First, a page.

My first choice would be Danish actor Dar Salim, who received a Bodil Award nomination in the category Best Actor for the film Go With Peace, Jamil in 2008 and you can see him in the recent Danish Netflix crime drama, Loving Adults. He’s a fantastic actor (and he makes bald look sexy).

Now, if we could look past the “bald” thing, one of my favorite Danish actors is Pilou Asbæk known for playing the troubled spin doctor Kasper Juul in the Danish television political drama Borgen and Euron Greyjoy in the television series Game of Thrones. I think he’d bring a lot of gravitas to Gabriel.

If Pilou is busy, Nikolaj Lie Kaas who plays the tortured detective Carl Mørck in the Department Q novels by Jussi Adler-Olsen would make a perfect Gabriel. I love Nikolaj Coster-Waldau, famous for playing Jaime Lannister, again from Game of Thrones—he can play any role he likes; actually, I’ll even write a new role for him if he’d ever considers being part of A Death in Denmark, if it ever hits the small or big screen.
Visit Amulya Malladi's website.

--Marshal Zeringue

Monday, March 20, 2023

Asale Angel-Ajani's "A Country You Can Leave"

Asale Angel-Ajani is a writer and Professor at The City College of New York. She's the author of the nonfiction books Strange Trade: The Story of Two Women Who Risked Everything in the International Drug Trade and Intimate: Essays on Racial Terror. She has held residencies at Millay, Djerassi, and Playa, and is an alum of VONA and Tin House.

Here Angel-Ajani dreamcasts an adaptation of A Country You Can Leave, her first novel:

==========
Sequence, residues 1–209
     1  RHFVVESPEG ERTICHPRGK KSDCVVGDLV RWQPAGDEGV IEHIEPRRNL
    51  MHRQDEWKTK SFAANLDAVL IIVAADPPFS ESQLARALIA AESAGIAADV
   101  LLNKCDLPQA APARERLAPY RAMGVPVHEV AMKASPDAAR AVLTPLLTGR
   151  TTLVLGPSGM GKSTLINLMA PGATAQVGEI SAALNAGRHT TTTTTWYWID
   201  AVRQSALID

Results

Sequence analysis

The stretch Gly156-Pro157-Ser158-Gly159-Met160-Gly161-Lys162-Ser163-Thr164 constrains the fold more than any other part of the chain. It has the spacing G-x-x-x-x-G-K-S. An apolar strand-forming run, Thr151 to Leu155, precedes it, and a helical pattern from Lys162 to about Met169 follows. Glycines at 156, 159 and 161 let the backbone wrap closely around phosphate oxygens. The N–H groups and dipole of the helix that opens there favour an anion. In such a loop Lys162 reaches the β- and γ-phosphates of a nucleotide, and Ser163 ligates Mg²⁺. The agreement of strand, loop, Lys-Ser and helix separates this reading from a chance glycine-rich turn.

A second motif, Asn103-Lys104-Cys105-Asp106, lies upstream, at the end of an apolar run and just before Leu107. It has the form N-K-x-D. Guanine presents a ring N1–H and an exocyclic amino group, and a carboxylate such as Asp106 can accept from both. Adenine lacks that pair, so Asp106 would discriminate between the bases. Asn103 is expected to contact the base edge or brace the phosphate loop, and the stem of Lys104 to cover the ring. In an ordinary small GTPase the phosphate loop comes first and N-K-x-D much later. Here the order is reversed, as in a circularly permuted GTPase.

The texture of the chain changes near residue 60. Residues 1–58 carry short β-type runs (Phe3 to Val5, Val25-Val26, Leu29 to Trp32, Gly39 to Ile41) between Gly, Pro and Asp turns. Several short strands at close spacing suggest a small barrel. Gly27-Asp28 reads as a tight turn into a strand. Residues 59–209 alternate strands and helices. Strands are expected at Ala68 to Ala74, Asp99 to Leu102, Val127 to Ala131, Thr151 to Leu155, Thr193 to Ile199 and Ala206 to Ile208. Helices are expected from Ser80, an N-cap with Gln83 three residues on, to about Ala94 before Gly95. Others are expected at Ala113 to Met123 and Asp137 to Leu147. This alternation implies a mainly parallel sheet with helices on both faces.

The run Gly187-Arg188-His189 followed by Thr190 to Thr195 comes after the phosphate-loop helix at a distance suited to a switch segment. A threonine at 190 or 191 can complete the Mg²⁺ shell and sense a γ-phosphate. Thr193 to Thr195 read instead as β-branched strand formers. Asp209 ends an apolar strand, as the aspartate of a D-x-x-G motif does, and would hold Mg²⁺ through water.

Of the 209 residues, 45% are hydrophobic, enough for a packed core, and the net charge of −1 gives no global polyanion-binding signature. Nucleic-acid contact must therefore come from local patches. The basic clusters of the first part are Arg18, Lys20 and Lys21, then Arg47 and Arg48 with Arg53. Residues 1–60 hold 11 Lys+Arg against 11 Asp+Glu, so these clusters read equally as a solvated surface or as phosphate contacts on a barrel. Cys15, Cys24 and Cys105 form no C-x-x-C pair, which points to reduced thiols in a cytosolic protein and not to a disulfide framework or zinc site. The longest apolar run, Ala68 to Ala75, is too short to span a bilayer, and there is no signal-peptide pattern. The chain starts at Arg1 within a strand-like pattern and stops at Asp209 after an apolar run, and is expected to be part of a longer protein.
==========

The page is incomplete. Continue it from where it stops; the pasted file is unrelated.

A Country You Can Leave tells the story of Lara, a biracial Afro-Cuban-Russian girl, and her Russian mother, Yevgenia. It opens with their arrival at the Oasis Mobil Estates, a somewhat ne’re-do-well community located in the California Desert. As a mother and daughter duo trying to figure out their place in America, the novel is part love story and part a story of coming of age under difficult circumstances. But it’s also a novel of dark humor and outrageous characters that, I hope, stay with you for a long while.

As my novel is set in the desert, I imagine one of those films that have to convey the heat and the stretch of open blue skies in a way that was both artful and realistic. The actresses that I think would be great at playing the central mother and daughter characters would be Charlize Theron, playing the complex and fierce Russian mother, Yevgenia, and the British actress, Nathalie Emmanuel playing Lara. There is a small part of me that would love to see Zendaya opposite Charlize Theron but I may be overthinking this. But they’d all be great. Of course, Brad Pitt would play himself (just kidding). In my book, my characters do call the cute neighbor, Steve, “Brad Pitt” but that would be a bit too meta.
Visit Asale Angel-Ajani's website.

--Marshal Zeringue

Thursday, March 16, 2023

Elizabeth Wein's "Stateless"

Elizabeth Wein is the holder of a private pilot’s license and the owner of about a thousand maps. She is best known for her historical fiction about young women flying in World War II, including the New York Times bestselling Code Name Verity and Rose Under Fire. Wein is also the author of Cobalt Squadron, a middle grade novel set in the Star Wars universe and connected to the 2017 release The Last Jedi. She lives in Scotland and holds both British and American citizenship.